One of the key arguments made by constitutional nationalists is that the Constitution provides that “We the People of the United States . . . do ordain and establish this Constitution.” The idea is that a single people throughout the country as a whole established the Constitution and therefore sovereignty resides at the national level in that people. Moreover, this national sovereignty negates any inferences that might otherwise follow from the idea that the Constitution consists of a compact of states. While this is certainly one interpretation of this language, it is certainly not the only one. And here I want to suggest an intermediate understanding – one that is in between national and states rights sovereignty.
We the People of the United States has two concepts in it: (1) the People and (2) the United States. Each of those ideas has two possible interpretations. The People might refer either to a single people of the nation or to the separate peoples of the different states. Similarly, the United States might refer to a single national country – as France does – or it might refer to a country that consists of multiple states. In the latter case, the meaning of the United States would be similar to the meaning of United Nations – an organization that consists of multiple different nations.
The nationalist view works best if both of these concepts have the nationalist interpretation – if it is one people and a single national country. The states right view works best if both of these concepts have the compact between states interpretation – if it is multiple peoples and a country consisting of multiple states.
While it is possible to view both concepts in either way, I believe that the stronger interpretation of people is the national view and the stronger interpretation of the country is the states view.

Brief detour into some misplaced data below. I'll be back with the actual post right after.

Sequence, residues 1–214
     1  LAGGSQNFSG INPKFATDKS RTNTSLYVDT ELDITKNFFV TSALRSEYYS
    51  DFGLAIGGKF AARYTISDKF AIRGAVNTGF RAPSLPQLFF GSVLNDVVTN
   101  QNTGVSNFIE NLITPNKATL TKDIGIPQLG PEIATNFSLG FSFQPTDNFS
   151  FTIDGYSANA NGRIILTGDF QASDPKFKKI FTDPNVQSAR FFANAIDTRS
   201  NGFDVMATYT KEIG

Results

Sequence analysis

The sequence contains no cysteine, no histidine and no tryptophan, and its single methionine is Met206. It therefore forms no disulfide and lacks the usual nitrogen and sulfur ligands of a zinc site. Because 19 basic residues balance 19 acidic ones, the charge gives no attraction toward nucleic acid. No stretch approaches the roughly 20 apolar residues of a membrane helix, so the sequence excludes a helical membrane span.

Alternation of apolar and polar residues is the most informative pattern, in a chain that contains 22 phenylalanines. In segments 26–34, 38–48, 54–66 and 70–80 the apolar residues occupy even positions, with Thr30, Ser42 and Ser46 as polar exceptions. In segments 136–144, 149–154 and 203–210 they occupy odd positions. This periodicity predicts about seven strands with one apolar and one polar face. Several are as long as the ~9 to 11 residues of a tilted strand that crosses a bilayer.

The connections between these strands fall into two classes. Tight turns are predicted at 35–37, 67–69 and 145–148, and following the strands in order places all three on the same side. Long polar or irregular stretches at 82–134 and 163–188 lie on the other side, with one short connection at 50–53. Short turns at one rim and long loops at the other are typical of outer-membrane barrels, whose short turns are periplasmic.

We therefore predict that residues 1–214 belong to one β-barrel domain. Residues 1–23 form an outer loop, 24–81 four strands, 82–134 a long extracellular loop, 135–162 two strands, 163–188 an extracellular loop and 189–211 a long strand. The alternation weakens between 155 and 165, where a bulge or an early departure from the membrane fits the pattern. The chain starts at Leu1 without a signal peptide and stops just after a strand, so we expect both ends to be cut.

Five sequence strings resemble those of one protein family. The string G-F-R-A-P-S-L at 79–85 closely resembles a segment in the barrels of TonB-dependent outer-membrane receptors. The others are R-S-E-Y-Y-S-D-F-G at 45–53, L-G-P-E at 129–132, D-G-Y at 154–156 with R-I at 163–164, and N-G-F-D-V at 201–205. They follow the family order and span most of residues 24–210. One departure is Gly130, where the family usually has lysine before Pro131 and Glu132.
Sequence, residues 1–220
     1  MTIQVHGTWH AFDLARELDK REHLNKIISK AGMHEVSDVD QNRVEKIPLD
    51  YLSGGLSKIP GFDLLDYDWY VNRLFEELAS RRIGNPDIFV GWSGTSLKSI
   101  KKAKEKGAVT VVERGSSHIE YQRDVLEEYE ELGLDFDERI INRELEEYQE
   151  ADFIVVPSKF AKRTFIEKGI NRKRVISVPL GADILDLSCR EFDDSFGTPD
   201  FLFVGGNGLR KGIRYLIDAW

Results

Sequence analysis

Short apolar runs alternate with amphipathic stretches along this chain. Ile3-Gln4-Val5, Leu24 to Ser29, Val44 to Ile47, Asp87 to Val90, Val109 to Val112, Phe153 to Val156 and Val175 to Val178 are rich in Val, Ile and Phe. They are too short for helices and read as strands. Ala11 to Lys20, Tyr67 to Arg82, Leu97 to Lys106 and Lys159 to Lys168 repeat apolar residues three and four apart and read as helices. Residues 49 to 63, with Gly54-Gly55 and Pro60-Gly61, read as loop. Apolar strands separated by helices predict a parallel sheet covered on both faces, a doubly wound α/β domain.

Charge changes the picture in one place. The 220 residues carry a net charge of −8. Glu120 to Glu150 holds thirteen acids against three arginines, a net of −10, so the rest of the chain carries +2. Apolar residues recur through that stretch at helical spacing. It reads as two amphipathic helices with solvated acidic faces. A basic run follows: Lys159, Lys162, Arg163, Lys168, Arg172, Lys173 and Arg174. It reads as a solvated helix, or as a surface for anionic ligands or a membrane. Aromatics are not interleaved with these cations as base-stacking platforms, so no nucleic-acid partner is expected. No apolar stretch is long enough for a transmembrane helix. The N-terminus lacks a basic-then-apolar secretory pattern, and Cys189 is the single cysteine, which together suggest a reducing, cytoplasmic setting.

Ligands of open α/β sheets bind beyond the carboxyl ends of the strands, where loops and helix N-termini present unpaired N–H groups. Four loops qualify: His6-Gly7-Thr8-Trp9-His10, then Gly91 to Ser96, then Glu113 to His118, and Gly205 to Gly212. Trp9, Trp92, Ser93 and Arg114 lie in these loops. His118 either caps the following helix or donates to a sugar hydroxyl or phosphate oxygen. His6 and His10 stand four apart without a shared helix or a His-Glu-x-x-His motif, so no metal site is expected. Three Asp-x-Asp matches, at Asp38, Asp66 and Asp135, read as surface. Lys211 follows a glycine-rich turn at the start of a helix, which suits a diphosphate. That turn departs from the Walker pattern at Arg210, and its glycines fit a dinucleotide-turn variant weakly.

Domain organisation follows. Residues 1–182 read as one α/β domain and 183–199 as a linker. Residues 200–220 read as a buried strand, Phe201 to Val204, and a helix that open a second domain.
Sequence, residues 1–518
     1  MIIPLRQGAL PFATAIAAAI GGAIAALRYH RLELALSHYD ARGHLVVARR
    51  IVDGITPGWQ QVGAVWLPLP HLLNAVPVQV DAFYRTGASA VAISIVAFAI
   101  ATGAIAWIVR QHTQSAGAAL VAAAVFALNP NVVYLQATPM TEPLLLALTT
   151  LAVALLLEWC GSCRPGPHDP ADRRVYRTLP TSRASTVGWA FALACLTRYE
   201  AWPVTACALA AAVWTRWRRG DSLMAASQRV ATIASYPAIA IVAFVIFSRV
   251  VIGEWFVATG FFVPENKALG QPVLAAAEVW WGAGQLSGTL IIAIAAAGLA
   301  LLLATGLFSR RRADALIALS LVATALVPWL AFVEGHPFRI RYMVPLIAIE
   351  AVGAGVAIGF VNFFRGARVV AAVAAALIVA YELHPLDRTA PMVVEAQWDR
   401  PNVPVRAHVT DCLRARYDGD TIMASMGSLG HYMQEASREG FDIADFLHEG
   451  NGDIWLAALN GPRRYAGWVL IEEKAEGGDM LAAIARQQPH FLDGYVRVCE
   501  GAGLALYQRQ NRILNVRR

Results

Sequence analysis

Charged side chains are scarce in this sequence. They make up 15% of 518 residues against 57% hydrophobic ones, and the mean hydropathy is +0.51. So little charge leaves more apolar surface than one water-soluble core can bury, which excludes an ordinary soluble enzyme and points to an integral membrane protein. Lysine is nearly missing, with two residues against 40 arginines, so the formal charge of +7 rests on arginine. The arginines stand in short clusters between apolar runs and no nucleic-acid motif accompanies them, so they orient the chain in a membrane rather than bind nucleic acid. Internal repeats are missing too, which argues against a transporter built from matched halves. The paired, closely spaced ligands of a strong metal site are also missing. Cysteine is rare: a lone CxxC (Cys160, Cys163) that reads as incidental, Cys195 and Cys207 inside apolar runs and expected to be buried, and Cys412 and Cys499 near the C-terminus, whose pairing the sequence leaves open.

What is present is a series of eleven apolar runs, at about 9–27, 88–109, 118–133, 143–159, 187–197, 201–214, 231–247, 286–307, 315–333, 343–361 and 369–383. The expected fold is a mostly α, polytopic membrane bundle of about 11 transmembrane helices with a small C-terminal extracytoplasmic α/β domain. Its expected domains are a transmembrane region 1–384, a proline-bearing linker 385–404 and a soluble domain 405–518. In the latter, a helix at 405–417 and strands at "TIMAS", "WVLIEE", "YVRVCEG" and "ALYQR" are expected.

We the People of the United States is best understood as referring to a single people. After all, if the Framers had intended for the Constitution to reflect the actions of multiple peoples, it could have easily provided “We the Peoples of the United States.” But it does not say that. The better reading is that it establishes a single people. Also supporting this conclusion is the Tenth Amendment, which says that “The powers not delegated to the United States by the Constitution, nor prohibited by it to the States, are reserved to the States respectively, or to the people.”
The United States, however, is best understood as referring to a country consisting of multiple states. The Constitution uses the term as a plural noun. The Constitution provides that “Treason against the United States, shall consist only in levying war against them, or in adhering to their enemies, giving them aid and comfort.” This suggests that the United States was referring to a group of individual states that were united together.
It is sometimes said that it matters that the Constitution used the term the United States rather than listing the 13 states in the way that the Articles of Confederation did. An early draft of the Constitution, produced by the Committee of Detail, provided “We the people of the States of New Hampshire, Massachusetts . . . do ordain, declare, and establish the following Constitution for the Government of Ourselves and our Posterity.”
While this language was changed, it is likely that it was not changed for a substantive reason. Instead, listing the individual states would have been a problem if some of the original 13 did not ratify (as was the case initially with both North Carolina and Rhode Island). Under the plural understanding of the United States, We the People of the United States pretty much means the same thing as “We the People of the States of New Hampshire, Massachusetts, etc.” In both cases, there is a single people consisting of individual states that are united together.
In my next post, I will discuss some of the implications of this analysis of the Constitution’s language.